I just saw the movie “Sicko” tonight and man, I don’t think we can ever move back to the states. The state of health care in that country is just a mess. I know NO country is perfect, but it is sad to hear so many stories of people going bankrupt over medical costs. And then you hear Violet (of L&V) talk about her health horror stories and it’s really scary. The older you get, the more important stuff like health care is. Germany is not perfect either, but we don’t worry about the possibility of going broke because someone got sick, and college costs for our boys (although we are putting away SOME money). But now, after seeing that, we want to move to France. Haha! There may be a mass migration north to Canada, I think… I’m sure there are lots of criticisms for this movie, and Michael Moore is famous for being really biased, but one thing you can’t deny is that the system IS a mess and the government needs to do something about it!!!
Comment by pamela wynne
Made on Wednesday, July 4th, 2007 @ 1:49 am
(1) Blue is nice too. :)
(2) “Sicko” is a must-see.
(3) I’m a dyeing novice, but I’m looking forward to seeing what other folks advise!
Comment by M
Made on Wednesday, July 4th, 2007 @ 2:49 am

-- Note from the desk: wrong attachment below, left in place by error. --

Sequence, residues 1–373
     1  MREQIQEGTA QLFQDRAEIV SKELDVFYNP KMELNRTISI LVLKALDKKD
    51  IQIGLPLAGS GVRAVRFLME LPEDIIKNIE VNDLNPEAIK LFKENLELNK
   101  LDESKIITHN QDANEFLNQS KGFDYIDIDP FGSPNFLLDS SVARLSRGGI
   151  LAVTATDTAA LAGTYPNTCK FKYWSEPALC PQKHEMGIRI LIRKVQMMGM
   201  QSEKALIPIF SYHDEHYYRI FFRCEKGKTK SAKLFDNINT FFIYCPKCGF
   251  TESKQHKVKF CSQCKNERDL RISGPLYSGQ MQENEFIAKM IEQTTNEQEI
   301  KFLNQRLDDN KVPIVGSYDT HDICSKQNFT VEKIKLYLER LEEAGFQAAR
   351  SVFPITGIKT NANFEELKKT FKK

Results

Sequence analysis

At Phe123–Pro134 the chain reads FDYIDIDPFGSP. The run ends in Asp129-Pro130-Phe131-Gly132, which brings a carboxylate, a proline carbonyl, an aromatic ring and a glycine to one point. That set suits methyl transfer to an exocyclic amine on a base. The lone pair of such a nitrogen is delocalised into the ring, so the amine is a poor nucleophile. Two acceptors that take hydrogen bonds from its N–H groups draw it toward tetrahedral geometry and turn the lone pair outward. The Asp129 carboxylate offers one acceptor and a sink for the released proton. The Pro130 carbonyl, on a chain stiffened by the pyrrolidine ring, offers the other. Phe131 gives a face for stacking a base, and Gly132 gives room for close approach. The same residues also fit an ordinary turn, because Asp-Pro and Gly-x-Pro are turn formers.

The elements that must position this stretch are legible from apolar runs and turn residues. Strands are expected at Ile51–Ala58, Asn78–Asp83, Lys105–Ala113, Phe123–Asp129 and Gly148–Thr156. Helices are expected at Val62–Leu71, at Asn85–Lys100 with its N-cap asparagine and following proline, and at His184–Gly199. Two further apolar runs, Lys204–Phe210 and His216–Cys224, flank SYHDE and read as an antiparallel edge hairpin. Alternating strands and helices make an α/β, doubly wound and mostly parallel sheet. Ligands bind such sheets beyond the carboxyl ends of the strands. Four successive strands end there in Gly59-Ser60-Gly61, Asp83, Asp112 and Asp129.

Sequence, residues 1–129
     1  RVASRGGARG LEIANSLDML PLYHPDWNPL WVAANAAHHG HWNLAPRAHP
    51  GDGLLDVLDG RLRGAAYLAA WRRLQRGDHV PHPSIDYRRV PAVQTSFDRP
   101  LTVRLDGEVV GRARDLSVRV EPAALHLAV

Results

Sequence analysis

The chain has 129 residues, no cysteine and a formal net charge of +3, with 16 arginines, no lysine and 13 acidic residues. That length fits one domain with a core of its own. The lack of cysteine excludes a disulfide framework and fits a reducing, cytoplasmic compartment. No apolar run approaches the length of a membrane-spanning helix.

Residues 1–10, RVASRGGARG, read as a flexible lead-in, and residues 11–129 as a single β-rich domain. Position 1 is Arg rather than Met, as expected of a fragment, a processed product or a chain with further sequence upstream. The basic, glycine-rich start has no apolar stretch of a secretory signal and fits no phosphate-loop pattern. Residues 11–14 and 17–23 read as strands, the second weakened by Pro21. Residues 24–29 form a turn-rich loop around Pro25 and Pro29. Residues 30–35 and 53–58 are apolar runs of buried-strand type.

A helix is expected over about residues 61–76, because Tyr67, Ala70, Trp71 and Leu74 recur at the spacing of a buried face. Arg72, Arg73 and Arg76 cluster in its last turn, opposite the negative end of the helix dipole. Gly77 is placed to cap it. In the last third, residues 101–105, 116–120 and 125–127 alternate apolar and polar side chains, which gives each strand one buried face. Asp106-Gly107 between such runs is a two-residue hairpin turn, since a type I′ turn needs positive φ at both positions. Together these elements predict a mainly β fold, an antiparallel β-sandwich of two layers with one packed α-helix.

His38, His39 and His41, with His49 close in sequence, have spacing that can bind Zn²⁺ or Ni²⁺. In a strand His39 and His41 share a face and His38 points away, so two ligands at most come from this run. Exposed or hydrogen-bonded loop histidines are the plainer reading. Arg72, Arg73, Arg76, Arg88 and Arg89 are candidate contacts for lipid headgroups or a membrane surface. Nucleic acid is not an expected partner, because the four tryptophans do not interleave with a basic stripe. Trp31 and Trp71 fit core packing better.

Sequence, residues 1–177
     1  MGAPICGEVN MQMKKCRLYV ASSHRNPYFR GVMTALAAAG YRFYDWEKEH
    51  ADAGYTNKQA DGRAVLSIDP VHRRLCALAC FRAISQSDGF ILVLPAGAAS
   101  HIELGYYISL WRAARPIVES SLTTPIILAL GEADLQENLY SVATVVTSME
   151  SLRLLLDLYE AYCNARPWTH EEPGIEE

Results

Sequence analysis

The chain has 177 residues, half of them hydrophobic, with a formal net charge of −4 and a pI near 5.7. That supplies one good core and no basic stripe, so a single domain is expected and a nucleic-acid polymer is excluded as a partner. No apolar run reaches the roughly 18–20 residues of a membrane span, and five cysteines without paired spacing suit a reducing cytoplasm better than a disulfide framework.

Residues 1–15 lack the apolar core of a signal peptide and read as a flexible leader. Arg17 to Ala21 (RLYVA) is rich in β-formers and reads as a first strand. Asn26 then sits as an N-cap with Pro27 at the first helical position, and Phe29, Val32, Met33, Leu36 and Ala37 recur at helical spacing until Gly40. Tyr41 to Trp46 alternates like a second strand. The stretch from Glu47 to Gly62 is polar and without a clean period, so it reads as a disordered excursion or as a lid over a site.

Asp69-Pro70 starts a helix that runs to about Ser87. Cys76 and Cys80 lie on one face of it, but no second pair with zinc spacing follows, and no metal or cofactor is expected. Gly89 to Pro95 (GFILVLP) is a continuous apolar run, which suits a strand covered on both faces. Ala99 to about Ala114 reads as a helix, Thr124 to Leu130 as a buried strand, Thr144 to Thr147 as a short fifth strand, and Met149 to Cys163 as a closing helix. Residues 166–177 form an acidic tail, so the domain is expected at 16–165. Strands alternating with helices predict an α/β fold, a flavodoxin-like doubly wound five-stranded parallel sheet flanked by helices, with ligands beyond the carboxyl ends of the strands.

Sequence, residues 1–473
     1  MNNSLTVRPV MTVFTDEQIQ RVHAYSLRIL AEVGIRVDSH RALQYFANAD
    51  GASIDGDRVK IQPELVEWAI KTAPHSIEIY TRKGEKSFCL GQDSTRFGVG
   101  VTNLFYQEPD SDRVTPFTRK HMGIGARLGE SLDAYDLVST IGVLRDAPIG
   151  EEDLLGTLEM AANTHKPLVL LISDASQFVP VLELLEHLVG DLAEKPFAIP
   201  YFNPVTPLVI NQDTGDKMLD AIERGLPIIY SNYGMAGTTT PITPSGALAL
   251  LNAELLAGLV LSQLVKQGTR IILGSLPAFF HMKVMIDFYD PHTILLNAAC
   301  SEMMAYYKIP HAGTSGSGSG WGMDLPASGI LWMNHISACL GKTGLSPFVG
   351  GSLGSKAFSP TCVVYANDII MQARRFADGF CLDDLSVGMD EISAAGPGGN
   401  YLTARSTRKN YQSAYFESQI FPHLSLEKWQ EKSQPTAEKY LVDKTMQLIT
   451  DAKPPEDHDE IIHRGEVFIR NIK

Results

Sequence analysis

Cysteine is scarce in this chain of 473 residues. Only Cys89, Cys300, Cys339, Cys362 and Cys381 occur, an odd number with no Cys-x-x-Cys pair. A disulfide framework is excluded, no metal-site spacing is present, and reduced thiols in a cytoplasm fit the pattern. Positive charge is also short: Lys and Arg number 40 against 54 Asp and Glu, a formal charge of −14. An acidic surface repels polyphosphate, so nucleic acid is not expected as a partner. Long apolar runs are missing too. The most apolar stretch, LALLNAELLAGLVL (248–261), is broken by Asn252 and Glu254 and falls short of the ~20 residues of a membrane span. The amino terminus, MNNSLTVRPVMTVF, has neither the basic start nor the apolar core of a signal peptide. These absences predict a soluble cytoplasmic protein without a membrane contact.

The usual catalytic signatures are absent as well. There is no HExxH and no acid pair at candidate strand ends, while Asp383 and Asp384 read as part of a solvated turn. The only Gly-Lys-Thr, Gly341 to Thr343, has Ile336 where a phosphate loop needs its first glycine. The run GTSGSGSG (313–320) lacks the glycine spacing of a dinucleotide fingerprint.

‘cake dye’ is Wilton icing colors. It makes very pretty yarn dye.
Comment by KelInCal
Made on Wednesday, July 4th, 2007 @ 5:24 am
The purple yarn you dyed is just beautiful! Taste of Germany, yay!
Comment by stacey
Made on Wednesday, July 4th, 2007 @ 12:37 pm
totally agree with you on Sicko – the healthcare industry (I work for it!) is totally screwed up here. Makes me want to move out of the country!
the purple yarn is beautiful….love the kettle dyed-ness of it!
Comment by tini
Made on Wednesday, July 4th, 2007 @ 5:26 pm
hey supercool :)
I love all of your yarns.
Have you try to knit the slightly felted stuff up and make like a i-pod cozy?
Comment by Luinelen
Made on Friday, July 6th, 2007 @ 8:59 am
You can mix the food-colorings. It works just like water-colors, if you mix red and yellow you get orange, if you mix red and blue you get purple and so on. So you just need a few basic colors. Though the red food coloring might not work well, I have heard the red we have here in Finland doesn’t work well so I use kool-aid for red and blue, green and yellow food coloring powder for the rest. And the green one is actually a mix of the same substances that the blue and yellow have in them, so I could mix even that myself, but I use so much green it’s easier to buy it mixed.
Comment by Holly
Made on Tuesday, July 10th, 2007 @ 6:51 am
Microwave – no stirring required.
It is the movement of the yarn that causes the fulling, not the heat by itself.
yarn painted (or soaked) with vinegar + koolaide in the microwave on high for 5-7 minutes depending on the size of the skein.
glass or ceramic containers.
Don’t touch the yarn till it is completely cool, Then rinse carefully and hang to dry